In Maori Land With Australian Pressmen
The steamer run from Wellington to Lyttleton* is 175 miles, and the fare £1. As we travelled at night time and in a very fast boat we saw nothing, and in fact, as we got in very early in the morning, we did not have a meal on board. Some people stayed for breakfast, but we were anxious to get going, and as the train for Christchurch ran down to the wharf we had only to wait until our luggage was put into the van.
Those who did not understand the geography of N.Z. will wonder why we did not stay at Lyttleton, but as it appeared to us, it is really the port for Christchurch, or, as the Lyttleton people would put it, the chief port of the province of Canterbury. It is a prettily situated town, or borough, with a population of 4200. It lies at the foot of precipitous hills, which divide it from Christchurch and is decidedly picturesque, even as we saw it before breakfast on that Saturday morning. The streets are very steep and the town has a varied background of green hills and rocky formations.
The service between here and Wellington is called a ferry service and the fine big steamer, the Maori, which we travelled in is called the fastest ferry boat. The run down takes about eleven hours. Christchurch is seven miles away, and there is a tunnel a mile and a half long. It was the first tunnel made in New Zealand.
On arriving at Christchurch we were again accorded a hearty welcome by the members of the Fourth Estate, representing the great dailies of the beautiful Cathedral city. Motors were awaiting us at the station and a smart run landed us at that princely hostelry, Clarendon House, in time for breakfast.
A hurried luncheon and then off in motor cars for a general run round, as guests of the Christchurch pressmen. With recollections of the dust some of our rear guard got in the motor run around Auckland, we were all on our own guard and our cars kept at respectable distances from each other. It was a beautiful run full of interest and with an extra bit of thrill as we travelled at break neck pace along the coast road to Sumner, where we were entertained at afternoon tea and met the Mayor of Sumner.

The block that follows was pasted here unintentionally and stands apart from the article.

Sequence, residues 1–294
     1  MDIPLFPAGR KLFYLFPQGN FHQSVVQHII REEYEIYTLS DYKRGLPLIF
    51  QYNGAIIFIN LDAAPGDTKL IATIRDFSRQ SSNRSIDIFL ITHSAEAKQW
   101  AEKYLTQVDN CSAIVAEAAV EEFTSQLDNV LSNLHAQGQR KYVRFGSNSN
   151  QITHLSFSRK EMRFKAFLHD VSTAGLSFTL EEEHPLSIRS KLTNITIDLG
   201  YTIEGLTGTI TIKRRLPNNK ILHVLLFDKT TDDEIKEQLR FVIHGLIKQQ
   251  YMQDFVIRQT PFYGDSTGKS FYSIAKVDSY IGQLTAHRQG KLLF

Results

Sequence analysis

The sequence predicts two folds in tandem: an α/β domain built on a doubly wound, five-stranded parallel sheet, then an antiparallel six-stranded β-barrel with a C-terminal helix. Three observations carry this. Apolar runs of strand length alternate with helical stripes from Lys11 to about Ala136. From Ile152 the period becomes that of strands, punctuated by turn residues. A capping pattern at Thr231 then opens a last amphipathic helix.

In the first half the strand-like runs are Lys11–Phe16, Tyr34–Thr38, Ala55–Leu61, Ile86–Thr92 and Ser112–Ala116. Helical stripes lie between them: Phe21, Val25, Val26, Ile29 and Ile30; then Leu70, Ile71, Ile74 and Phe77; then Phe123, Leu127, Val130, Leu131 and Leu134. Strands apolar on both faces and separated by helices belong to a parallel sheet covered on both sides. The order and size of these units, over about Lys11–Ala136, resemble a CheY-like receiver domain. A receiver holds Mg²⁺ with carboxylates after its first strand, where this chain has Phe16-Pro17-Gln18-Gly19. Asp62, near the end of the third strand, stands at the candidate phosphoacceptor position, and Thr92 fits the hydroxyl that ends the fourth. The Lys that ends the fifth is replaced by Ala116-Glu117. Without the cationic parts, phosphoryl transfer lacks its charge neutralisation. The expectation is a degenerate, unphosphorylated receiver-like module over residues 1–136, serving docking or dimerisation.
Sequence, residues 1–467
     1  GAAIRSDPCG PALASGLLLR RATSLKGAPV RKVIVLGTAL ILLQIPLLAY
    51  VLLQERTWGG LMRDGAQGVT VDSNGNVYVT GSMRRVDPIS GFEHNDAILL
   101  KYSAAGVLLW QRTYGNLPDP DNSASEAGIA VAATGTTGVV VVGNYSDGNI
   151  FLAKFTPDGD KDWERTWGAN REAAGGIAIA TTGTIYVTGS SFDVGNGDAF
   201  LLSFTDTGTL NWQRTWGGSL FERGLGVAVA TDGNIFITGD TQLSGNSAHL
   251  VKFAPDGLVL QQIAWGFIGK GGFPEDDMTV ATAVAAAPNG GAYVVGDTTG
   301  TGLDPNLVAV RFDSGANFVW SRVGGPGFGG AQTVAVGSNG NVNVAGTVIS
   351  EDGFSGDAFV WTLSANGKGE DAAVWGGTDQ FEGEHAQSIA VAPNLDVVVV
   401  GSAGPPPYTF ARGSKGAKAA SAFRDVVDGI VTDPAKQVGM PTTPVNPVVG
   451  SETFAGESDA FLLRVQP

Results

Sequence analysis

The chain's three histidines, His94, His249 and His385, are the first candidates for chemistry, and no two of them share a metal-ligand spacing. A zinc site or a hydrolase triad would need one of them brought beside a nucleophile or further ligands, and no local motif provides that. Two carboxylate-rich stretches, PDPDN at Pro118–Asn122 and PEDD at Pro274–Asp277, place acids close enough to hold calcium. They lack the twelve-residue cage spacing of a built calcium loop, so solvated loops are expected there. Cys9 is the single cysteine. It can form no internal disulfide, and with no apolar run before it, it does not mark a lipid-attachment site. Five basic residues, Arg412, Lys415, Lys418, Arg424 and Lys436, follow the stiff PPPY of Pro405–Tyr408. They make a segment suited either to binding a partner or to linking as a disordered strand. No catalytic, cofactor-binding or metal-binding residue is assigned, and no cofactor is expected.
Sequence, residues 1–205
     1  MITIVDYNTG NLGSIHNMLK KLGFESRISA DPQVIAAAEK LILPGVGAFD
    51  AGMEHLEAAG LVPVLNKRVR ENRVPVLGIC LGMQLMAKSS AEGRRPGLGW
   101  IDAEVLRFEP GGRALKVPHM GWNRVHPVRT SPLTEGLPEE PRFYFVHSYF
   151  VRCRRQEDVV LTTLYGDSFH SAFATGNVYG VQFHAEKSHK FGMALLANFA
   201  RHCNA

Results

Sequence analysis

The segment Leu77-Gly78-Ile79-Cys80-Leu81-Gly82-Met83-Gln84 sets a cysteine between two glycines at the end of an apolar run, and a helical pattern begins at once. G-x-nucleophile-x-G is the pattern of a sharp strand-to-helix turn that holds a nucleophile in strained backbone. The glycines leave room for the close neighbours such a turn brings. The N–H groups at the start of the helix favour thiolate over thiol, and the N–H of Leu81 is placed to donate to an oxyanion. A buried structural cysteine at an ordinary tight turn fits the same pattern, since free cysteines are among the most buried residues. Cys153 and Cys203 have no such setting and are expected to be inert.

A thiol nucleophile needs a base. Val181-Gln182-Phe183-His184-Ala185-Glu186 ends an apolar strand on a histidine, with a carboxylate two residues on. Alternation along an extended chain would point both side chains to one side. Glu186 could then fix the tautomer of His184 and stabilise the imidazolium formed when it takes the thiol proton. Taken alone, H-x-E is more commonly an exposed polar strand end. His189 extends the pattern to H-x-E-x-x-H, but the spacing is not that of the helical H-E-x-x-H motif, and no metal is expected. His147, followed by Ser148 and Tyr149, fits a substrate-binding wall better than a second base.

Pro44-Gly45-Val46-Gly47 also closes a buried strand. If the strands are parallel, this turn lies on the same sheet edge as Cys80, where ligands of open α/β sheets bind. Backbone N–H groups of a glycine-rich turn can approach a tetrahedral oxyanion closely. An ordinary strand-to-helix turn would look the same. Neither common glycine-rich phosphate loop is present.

Sumner is really a seaside residential suburb of Christchurch, and is a delightful spot, so far as its beach is concerned, about eight miles from Christchurch. The Cave rock on the shore is a place of interest, and golfers can get on this plain close at hand. Of course we were taken to Riccarton, the Flemington of New Zealand, where their great Cup race is run. It is a splendid course as may be imagined with the appointments on a magnificent scale. Even the Totalisator House is an ornament as well as a useful help to the Club from a financial point of view.
Of course we did the best of the suburbs and finished up with a most enchanting run along the Avon river, overhung by willows, which runs through a good portion of the town. Let us say here that after our few days in Christchurch, we concluded it was the most beautiful town we had seen in our travels. Most of us have never seen England, but we could from the illustrated papers and biographs readily believe it when we were assured that Christchurch is the most English looking town out of England.